It can be very fast to safely delete a drive using encryption. The idea is basically to encrypt the whole disk and afterwards to overwrite it with zeros. In this article, I use LUKS, which already ships with Ubuntu 14.04. This procedure may be quicker and more reliable than “copy-based” methods if your CPU supports crypto commands.
First, replace all partitions that should be safely deleted with one large unformatted partition. I assume that this partition is called /dev/sda1 . Afterwards, setup LUKS on the unformatted partition. The password may be a really simple one.
sudo cryptsetup -c aes-xts-plain64 -s 512 luksFormat /dev/sda1
Now, open the encrypted volume, entering the same password:
sudo cryptsetup luksOpen /dev/sda1 lukslvm
Afterwards, you start writing zeros into the encrypted partition, which will produce more or less random data on the disk:
sudo dd if=/dev/zero of=/dev/mapper/lukslvm bs=1M
The Java plugin for Firefox is activated if Firefox finds a symlink to libnpjp2.so in its plugins folder.
- Locate the plugins directory of Firefox. You may either use the per-profile or the global directory. In my case these are
- Locate the path to your JRE’s browser plugin:
$ locate libnpjp2.so
- Remove any existing (links to) Java plugins from the plugins folders.
- Create a symbolic link to the plugin:
sudo ln -s /opt/jdk1.8.0_05/jre/lib/amd64/libnpjp2.so .
- Restart Firefox and verify that the plugin is recognized by opening about:plugins .
-  Original instructions
Recently, when connecting an external monitor to my laptop, KDE turned off both displays, which sometimes even endured when disconnecting the monitor. Resetting the display configuration on the command line helped: Before plugging in the video cable, I opened a terminal and typed the following command:
After both screens had become black, I pressed Enter and the desktop re-appeared on the laptop screen and I could continue configuring with the regular Display Configuration:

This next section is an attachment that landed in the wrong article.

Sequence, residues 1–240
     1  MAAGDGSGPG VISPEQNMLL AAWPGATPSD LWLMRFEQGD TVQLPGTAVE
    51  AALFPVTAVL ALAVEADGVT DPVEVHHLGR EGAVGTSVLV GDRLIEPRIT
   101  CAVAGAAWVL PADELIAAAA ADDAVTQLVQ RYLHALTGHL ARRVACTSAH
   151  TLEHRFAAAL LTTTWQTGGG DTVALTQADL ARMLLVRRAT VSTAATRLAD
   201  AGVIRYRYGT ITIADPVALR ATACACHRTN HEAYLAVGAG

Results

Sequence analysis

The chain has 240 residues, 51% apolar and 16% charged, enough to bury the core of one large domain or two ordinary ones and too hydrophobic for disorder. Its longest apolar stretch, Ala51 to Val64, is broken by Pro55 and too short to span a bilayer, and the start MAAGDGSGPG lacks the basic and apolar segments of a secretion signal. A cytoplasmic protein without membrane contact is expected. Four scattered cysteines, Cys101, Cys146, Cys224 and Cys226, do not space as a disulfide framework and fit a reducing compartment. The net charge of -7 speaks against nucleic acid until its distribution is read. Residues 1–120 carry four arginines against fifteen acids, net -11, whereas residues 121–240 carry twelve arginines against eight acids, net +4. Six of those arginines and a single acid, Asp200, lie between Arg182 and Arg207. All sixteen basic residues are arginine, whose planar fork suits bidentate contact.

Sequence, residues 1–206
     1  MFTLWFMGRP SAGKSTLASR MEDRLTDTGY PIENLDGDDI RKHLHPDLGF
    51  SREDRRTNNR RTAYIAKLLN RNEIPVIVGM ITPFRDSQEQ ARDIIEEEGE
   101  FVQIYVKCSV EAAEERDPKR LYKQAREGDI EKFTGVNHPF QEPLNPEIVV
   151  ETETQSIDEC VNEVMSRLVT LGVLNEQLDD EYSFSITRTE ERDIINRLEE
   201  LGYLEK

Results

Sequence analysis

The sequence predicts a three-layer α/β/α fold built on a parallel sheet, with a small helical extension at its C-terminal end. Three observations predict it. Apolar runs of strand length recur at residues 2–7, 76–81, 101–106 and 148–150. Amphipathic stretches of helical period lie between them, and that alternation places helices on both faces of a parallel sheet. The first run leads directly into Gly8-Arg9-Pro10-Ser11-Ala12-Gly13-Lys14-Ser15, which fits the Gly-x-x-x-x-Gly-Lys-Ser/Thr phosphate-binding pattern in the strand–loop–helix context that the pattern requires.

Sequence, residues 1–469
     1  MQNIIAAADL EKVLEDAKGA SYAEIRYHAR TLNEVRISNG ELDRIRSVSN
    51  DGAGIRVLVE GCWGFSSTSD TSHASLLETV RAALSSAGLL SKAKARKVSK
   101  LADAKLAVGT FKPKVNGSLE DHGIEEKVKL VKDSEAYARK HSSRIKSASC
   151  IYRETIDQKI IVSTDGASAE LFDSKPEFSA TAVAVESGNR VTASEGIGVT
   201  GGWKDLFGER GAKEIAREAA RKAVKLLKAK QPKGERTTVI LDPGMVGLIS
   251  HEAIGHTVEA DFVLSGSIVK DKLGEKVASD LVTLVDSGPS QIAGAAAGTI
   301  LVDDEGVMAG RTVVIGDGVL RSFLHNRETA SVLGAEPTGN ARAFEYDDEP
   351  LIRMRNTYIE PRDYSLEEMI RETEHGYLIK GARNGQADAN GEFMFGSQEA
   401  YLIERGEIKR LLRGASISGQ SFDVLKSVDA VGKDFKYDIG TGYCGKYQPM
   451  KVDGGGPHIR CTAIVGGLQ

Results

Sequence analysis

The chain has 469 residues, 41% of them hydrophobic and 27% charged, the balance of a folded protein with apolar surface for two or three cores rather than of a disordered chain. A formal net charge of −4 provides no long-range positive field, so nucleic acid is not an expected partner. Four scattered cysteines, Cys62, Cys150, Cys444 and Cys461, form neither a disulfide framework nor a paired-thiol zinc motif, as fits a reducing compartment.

In Kubuntu 14.04, my panel is randomly replaced with some kind of “white noise”. The following commands can be used to restart it, which solved the problem:
kquitapp plasma-desktop && plasma-desktop
The standard shortcut for killing the X server is (was) Ctrl-Alt-Backspace, but it has been disabled by default in Ubuntu for a while. However, it can easily re-enabled in the KDE system settings (command: systemsettings) under
Input Devices -> Keyboard -> Tab: Advances -> Checkbox: Key sequence to kill the X server
The touchpad of the Lenovo Y510p laptop has no extra mouse buttons, but only soft-buttons below the surface. With the default settings, Kubuntu 14.04 recognizes a click on a soft-button additionally as move of the cursor, which led to imprecise behavior of the curosr.
KDE uses synaptiks to configure the touchpad. The option AreaBottomEdge can be used to set the y position of the bottom of the touchpad area (see man synpatiks for details).
It is sensible not to change the original synaptiks configuration, but to work with a copy, because the configuration file may be overridden by other tools: